Medicare hits half of U.S. hospitals with readmission penalties

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More than half of U.S. hospitals will be dinged for excessive 30-day readmission rates, according to a Kaiser Health News analysis.

Medicare will withhold more than half a billion payments this year, according to the analysis of figures released Tuesday, with the penalties set to take effect with the new fiscal year in October. More than 2,500 hospitals will receive penalties, a figure in line with last year’s report. The average penalty will increase by a fifth, KHN reported. 

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The penalties will mean hospitals will lose more than $520 million in payments--an increase of more than $100 million from last year due to changes in how Medicare measures readmissions, according to the KHN analysis. For example, this year it considered rates for coronary artery bypass graft surgery in addition to heart attacks, heart failure, pneumonia, chronic lung disease, and hip and knee replacements.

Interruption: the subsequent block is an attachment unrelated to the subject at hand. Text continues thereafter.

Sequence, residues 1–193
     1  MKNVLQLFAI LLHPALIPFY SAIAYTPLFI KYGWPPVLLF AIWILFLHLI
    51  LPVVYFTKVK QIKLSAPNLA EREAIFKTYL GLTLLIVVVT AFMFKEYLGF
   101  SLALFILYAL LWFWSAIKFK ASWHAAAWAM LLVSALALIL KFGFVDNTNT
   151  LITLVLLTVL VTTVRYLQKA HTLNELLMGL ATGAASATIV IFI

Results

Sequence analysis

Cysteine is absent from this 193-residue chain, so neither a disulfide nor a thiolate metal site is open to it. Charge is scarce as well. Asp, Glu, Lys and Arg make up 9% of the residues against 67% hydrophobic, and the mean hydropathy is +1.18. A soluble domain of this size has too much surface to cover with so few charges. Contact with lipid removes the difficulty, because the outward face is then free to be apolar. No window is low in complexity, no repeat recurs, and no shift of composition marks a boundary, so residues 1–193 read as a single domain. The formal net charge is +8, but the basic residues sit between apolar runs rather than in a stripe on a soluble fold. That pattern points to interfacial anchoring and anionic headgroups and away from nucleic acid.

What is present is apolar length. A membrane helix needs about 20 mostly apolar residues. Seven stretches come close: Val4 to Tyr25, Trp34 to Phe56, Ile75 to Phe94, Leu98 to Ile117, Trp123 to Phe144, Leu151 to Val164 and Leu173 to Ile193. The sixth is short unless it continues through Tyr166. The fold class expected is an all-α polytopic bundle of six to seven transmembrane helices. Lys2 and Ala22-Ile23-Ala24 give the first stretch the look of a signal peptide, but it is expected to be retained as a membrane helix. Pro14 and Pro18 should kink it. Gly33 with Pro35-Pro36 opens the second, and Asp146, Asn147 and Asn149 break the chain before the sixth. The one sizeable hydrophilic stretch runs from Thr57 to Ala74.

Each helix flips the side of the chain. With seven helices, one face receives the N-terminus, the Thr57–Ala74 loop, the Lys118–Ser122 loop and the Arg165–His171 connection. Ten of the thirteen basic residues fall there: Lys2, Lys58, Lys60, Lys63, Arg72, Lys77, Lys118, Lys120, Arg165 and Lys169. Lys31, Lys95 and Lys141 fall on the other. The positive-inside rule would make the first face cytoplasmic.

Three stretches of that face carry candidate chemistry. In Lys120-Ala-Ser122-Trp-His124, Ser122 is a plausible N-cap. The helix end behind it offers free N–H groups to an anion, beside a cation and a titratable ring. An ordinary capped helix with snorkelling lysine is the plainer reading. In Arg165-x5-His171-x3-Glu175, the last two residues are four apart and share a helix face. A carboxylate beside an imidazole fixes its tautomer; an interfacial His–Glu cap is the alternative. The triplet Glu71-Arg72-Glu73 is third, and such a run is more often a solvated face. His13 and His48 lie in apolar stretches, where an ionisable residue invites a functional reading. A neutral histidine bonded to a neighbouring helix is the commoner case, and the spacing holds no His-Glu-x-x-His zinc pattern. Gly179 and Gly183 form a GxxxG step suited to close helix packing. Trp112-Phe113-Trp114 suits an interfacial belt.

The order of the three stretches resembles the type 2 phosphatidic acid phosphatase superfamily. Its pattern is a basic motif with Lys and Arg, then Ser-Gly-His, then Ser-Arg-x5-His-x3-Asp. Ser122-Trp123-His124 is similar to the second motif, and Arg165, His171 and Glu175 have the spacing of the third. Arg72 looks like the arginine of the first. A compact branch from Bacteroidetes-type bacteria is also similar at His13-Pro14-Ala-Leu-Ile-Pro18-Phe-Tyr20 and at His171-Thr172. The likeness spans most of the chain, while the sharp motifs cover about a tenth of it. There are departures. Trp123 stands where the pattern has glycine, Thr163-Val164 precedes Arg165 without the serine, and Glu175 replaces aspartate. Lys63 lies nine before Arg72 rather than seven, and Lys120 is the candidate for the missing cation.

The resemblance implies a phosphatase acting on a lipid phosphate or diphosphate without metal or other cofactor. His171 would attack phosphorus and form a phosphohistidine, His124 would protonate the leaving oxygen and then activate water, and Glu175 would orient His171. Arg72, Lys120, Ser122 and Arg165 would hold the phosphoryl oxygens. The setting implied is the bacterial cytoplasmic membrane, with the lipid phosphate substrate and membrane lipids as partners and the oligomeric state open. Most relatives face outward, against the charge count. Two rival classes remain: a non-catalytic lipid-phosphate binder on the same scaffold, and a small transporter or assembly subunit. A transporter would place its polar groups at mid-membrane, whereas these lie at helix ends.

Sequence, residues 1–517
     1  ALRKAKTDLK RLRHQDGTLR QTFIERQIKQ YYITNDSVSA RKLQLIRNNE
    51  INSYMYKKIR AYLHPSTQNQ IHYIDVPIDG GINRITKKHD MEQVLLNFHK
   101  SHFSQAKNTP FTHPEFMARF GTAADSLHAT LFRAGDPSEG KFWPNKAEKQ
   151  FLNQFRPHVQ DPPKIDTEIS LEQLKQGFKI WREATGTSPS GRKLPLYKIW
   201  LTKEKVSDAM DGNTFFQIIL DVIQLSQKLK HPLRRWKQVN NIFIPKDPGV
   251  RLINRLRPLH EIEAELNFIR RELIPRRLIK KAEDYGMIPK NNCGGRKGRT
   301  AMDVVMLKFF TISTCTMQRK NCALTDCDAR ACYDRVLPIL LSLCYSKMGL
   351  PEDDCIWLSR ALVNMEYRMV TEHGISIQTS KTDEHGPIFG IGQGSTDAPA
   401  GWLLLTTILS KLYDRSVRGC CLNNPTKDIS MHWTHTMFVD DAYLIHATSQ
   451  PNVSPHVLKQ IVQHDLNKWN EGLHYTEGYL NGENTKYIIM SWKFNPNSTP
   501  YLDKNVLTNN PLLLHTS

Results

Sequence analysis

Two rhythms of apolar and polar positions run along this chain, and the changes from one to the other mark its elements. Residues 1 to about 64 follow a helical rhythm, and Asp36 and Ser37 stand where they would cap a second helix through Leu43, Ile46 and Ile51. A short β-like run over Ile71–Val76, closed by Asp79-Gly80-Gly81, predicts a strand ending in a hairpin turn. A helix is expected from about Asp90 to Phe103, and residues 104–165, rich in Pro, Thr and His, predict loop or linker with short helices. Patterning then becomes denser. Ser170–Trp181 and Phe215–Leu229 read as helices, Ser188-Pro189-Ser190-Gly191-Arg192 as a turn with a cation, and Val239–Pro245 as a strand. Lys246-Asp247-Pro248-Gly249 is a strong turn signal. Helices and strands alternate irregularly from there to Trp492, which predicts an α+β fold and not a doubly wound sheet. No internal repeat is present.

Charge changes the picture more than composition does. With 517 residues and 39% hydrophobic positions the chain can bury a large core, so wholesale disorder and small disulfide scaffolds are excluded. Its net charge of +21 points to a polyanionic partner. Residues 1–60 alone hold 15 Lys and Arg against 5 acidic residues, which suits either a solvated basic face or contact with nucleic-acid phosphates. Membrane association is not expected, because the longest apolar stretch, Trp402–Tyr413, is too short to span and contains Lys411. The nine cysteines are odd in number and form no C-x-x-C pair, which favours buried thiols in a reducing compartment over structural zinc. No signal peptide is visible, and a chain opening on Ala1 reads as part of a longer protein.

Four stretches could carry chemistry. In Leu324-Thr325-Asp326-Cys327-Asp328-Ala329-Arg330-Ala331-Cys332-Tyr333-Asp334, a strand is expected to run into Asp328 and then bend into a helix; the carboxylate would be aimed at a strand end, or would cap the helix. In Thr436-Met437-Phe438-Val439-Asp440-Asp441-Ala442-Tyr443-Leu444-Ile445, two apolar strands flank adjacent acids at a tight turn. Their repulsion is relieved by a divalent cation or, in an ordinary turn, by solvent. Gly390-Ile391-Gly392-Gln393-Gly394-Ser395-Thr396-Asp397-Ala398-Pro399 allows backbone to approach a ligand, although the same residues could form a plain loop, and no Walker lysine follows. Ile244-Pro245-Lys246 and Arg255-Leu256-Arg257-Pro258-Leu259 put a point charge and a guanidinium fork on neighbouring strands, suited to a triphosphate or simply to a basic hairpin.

KHN’s analysis also found:

  • The average penalty is 0.73 percent per patient stay, the highest ever
  • Forty-nine hospitals will receive the maximum cut of 3 percent
  • More than 1,600 hospitals have been penalized every year since the program began in 2012

Medicare’s readmission penalties are controversial. Leading organizations like the American Hospital Association have argued that there are some factors beyond a hospital’s control, like a patients' socioeconomic situation, which may lead a person to return to the hospital.

The fear of penalties, though, has pushed hospitals to take action to reduce their readmission rates. Though about half of eligible hospitals will receive penalties this year, in 2012 and 2013, the program’s first two years, about two-thirds were slapped with penalties. The number of readmission penalties hit a record high in 2014.

- read the KHN analysis